August 9, 2015
Yesterday I had the privilege and joy of spending the day with a small group of women who are serious indeed about practicing their faith. They pruned badly overgrown flower beds and cleaned—really cleaned!—neglected china cabinets and kitchen. And yes—they did windows!! When they were finished I thought I heard the house purr, much like Annie when she has been pampered and groomed.
In-between chores, we studied together the OT book of Ruth. We began with a careful review of the text, reminding ourselves of the historical context and considering the story itself in the form we now have it in English translation. Ruth records a great story, and even a brief review produces both wisdom and pleasure.
However, in my opinion, the lasting impact of the study for us all lay in the something that Walter Brueggemann, OT scholar, views as “imaginative remembering.” Brueggemann argues that this approach permits us to value OT texts as a trustworthy voice of faith while still taking seriously our best critical learning. **
For example, after years of critical study, scholars agree that the authentic text in the form in which we now have it rightly reports the following event: following their night-time encounter at the threshing floor, Boaz sent Ruth away with a generous gift of grain.
Now: consider the imaginative options. Was this act payment in return for sexual favors, or a gift that pledged future provision and protection?
The option a reader chooses depends, of course, on the character of Boaz that the reader has constructed imaginatively from the naked facts that the critical analysis of the text provides.
The authentic text makes it possible to view Boaz as a shrewd businessman who, in the morally loose climate of the time of the Judges, took advantage of an available sexual encounter, but then “did the honorable thing” by marrying the girl. This view of the text permits us to see Boaz as “doing the right thing," and in doing so, gaining a beautiful wife who gave him a son listed in the genealogy of Jesus, and acquiring, not incidentally, a valuable piece of land in the transaction.
However, the authentic text simultaneously gives us the option for constructing a contrasting view in which Boaz in the morally lose climate of the time of the Judges maintained a life guided by the principles of Torah (God’s Law for Israel). In this imagined context, we see Boaz acting in accordance with Torah requirement for protection and provision for the marginalized and poor, and care of the stranger in the gates.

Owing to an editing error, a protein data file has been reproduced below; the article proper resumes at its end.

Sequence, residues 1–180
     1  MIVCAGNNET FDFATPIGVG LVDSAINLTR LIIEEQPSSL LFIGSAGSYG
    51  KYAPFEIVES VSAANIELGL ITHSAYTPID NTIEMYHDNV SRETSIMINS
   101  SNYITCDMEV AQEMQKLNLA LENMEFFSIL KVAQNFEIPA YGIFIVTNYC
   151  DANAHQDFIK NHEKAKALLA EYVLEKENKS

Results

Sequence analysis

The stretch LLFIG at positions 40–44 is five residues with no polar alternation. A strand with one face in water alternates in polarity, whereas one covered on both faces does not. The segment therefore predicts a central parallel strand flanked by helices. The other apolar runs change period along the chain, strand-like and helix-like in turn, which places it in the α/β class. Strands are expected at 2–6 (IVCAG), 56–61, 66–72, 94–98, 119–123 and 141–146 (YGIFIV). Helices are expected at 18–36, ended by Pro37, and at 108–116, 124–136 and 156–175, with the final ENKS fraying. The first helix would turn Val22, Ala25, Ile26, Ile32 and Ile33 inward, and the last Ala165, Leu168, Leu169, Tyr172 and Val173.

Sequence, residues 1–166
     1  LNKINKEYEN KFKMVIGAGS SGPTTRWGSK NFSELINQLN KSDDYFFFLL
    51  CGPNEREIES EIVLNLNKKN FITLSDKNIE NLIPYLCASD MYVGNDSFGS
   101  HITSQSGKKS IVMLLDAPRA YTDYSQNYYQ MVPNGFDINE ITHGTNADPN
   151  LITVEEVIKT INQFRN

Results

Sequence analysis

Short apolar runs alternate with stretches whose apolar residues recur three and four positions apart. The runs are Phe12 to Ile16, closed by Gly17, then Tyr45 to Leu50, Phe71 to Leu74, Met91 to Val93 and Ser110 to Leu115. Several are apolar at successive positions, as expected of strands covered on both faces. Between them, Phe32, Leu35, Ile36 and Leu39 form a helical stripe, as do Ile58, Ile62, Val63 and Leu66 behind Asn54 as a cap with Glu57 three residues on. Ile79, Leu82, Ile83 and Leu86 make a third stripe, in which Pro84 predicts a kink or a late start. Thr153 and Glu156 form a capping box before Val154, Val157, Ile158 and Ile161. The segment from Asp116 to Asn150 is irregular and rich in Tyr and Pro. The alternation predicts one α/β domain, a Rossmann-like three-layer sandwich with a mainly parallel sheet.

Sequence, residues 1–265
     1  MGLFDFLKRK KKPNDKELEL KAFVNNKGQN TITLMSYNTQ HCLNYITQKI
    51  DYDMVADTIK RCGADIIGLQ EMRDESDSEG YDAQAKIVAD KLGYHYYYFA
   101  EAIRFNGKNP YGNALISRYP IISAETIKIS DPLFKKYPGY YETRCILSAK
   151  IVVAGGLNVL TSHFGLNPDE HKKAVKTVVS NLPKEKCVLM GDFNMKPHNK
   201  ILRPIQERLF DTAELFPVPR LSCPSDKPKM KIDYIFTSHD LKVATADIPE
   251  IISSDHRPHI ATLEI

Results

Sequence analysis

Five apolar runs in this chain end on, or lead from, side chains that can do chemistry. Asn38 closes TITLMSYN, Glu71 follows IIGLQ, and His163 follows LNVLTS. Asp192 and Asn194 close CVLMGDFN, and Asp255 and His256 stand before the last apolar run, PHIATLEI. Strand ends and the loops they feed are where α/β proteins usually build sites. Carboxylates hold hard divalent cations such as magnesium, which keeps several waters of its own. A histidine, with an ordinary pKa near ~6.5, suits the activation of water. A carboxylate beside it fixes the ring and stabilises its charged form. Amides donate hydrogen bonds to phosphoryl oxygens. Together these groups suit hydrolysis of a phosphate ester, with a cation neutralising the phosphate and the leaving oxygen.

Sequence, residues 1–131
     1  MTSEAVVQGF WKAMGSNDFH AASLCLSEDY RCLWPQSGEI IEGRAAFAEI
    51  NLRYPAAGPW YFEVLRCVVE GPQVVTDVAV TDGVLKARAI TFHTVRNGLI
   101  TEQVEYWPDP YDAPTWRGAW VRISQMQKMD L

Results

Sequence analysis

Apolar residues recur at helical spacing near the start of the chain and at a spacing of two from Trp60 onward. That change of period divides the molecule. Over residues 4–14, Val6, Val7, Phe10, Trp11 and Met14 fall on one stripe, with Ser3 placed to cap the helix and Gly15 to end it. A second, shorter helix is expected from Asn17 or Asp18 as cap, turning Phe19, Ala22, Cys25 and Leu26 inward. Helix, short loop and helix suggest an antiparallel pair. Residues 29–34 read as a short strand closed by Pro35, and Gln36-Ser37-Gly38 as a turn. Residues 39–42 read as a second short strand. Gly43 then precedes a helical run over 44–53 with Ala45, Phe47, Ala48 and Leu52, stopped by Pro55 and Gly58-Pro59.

This use of the authentic text permits us to see Boaz as attracted to Ruth while refusing to take sexual advantage of Ruth although Ruth herself (at Naomi’s direction) had made this opportunity possible. Boaz protected Ruth, he provided for Ruth, and extended a relationship to her that made both Ruth and Naomi safe and securely home again within the community of the family of God.
This view of Boaz makes the text speak into God’s provision through the Great Kinsman Redeemer for our identity, our safety, and our generativity as women.
In the lively discussions of the text, it was possible to see the text functioning as the living Word, God speaking into our lives. Who is this God whom we seek to serve? We asked ourselves: Do I see God attending to my needs only incidentally in a world in which He permits exploitation as the cost of safety?
Or does this God provide protection, identity and new life as the Kinsman-Redeemer who acts out of His character rather than His convenience?
Critical scholarship is crucial in establishing an authentic text. But for the text to become the “living Word,” shaping our faith experience, authentic text in and of itself requires us to enter into the text in this process that Brueggemann describes as “imaginative remembering.”
In this instance we have at hand a reliable text that reports Boaz, “merry” (?) after eating and drinking, curled up to sleep on the threshing floor beside his winnowed grain. When startled awake at midnight, he finds a beautiful, perfumed woman lying at his uncovered feet.
The text then gives us a brief truncated conversation between the two in which Ruth identifies herself and asks for protection, and identifies Boaz as a kinsman (kinsman responsibilities inferred but non-verbalized). Then Boaz, in turn, identifies Ruth as he believes her to be (a virtuous woman) and acknowledges and accepts his kinsman responsibilities, promising to act on her behalf.
Then the text presents a factual account of the continuing story.
Boaz asked Ruth to stay with him on the threshing floor until morning, and Ruth did so. Then in the dim pre-dawn light before easy recognition was possible, Boaz sent Ruth back to Naomi, sending with her his gift of grain.
What meaning does your imaginative remembering give to that gift of grain carried by Ruth as she quietly left the threshing floor in the dawn’s dim light?
What identity does your imaginative remembering give to the man Boaz? What happens in your imaginative remembering when you take into account that Boaz was Rahab’s son?
Grateful in these days of diminishment for the Great Kinsman Redeemer who gives me identity, protection and provision, and in whose promise I can rest.
See you next week.
**I heartily recommend the Preface and Introduction of Walter Brueggemann’s An Introduction to the Old Testament, The Canon and Christian Imagination (Louisville, KY: Westminster John Knox Press, 2003), pp. xi-13. And I want to express again my grateful appreciation of the group who often do what you did again Saturday: aid me by your imaginative remembering to find new living truth with which God regularly surprises me in the Word.